✅ SOLVED Found Today in back yard buried... i think it is a real horseshoe but not sure on era

snapler

Tenderfoot
Jul 17, 2016
9
4
Primary Interest:
All Treasure Hunting
Found Today in back yard buried... i think it is a real horseshoe but not sure on era
questions i want answered... is it a front shoe? is it a back shoe of a horse? what era 1700's or 1800's or what have you? the closer the better. i am no horseshoe expert or rookie. all i think for sure it is not part of a horseshoe game.
four reference pics... all of the same horseshoe
https://postimg.org/image/kcgvo01vb/
https://postimg.org/image/p94b8ipht
https://postimg.org/image/jm7yb1mz5
https://postimg.org/image/fr4k8h3td

yes there is a back and front shot. if needed i could get width which i think is about an inch or so thick. Weird thing is i don't live anywhere near horses.

Kudos to any person that can shed light to this matter. to answer potential questions to what i plan for it? i am not 100 percent sure... maybe hang it.
 

Hughie

Jr. Member
Jun 25, 2016
58
84
Geneva Lakes area , Wisconsin
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In my opinion it is a more modern shoe. It looks machine made, as good as blacksmiths could be they could not be as exact as a machine. If I remember correctly, the only front or rear shoe would be if it was for a heavy draft horse that would be doing field work, this one has a calk (the long wear piece) but not like the ones that have come up in the family fields, large shoes that make you think of monster mudder tires when they are seen. Best I can do (it's been a long time) and I hope it helps some.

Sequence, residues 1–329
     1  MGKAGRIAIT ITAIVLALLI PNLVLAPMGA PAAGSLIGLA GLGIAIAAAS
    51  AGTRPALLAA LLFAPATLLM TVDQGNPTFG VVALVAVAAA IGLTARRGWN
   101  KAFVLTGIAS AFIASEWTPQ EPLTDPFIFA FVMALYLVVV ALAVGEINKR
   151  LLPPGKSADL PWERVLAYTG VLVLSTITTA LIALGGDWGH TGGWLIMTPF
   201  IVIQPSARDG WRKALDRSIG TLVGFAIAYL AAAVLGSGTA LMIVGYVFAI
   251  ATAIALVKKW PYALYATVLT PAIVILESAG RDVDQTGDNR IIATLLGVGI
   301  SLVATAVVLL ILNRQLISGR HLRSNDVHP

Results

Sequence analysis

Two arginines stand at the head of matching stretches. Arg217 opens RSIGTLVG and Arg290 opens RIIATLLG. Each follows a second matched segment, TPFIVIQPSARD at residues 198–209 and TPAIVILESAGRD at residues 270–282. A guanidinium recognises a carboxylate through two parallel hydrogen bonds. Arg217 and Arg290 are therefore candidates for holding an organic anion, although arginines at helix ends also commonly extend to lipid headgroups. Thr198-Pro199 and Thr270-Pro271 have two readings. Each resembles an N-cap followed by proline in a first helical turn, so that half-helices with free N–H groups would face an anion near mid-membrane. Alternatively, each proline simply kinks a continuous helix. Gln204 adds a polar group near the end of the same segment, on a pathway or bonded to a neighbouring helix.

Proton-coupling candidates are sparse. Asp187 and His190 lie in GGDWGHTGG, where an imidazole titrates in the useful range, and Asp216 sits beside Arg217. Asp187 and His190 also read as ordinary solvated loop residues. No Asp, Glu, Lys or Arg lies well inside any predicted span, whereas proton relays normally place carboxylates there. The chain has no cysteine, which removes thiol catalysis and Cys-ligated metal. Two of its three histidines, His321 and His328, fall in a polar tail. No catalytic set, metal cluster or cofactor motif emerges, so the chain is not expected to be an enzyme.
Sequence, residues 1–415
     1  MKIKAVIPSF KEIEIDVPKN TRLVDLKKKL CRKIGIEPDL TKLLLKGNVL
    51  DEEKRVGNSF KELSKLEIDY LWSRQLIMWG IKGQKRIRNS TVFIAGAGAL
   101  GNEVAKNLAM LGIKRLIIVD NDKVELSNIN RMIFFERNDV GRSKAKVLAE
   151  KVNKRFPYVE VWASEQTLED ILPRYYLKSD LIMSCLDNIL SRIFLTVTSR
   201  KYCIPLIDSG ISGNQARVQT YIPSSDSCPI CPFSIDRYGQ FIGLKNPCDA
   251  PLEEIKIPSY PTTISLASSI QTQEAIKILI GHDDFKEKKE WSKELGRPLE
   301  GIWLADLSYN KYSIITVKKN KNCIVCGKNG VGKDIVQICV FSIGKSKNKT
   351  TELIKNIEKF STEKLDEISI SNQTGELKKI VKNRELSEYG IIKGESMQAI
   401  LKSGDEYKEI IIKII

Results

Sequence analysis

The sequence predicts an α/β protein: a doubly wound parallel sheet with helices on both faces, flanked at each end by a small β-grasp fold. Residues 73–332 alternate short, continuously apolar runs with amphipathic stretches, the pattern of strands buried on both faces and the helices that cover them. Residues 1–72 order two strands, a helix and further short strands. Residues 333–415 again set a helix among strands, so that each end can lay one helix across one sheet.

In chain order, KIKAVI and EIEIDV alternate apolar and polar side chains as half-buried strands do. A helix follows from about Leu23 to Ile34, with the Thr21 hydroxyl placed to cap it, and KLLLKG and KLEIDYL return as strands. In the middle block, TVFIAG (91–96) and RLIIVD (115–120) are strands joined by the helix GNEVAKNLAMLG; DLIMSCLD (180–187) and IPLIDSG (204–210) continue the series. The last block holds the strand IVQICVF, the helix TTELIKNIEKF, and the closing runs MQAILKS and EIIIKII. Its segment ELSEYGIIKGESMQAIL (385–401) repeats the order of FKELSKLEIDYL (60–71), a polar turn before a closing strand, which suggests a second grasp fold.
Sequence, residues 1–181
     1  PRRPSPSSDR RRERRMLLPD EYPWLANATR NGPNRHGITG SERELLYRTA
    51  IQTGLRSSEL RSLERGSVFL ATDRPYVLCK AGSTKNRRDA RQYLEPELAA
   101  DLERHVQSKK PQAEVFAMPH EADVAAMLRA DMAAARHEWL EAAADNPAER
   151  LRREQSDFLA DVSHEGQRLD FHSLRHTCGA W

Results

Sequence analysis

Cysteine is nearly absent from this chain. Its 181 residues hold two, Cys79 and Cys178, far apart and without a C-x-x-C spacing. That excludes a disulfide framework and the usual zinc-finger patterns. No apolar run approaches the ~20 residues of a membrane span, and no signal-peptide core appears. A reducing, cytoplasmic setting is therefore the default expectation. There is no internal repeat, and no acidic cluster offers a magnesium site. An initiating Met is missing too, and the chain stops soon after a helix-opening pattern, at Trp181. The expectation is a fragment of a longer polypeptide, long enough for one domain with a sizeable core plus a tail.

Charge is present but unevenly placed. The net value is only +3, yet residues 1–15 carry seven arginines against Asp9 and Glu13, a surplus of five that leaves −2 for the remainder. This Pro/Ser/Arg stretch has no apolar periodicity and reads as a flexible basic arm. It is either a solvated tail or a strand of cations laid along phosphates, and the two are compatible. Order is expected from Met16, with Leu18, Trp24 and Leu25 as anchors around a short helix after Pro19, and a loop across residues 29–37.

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snapler

Tenderfoot
Jul 17, 2016
9
4
Primary Interest:
All Treasure Hunting
i appreciated the insight to the matter. As a follow up question Hugh... were all horseshoes made with toe calks? if not when did they start(what year)... i know i am making you relive your past but thus far you have been my sole helper in this matter.
 

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TomPA

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Feb 13, 2011
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Horseshoes can often be difficult to date as particular styles overlapped others. And blacksmiths often had their own style. Maybe this info will help. 0717162145.jpg
 

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Back-of-the-boat

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Apr 18, 2013
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If you hang it hang it with the open end up so the luck doesn't run out.
 

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BosnMate

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Sep 10, 2010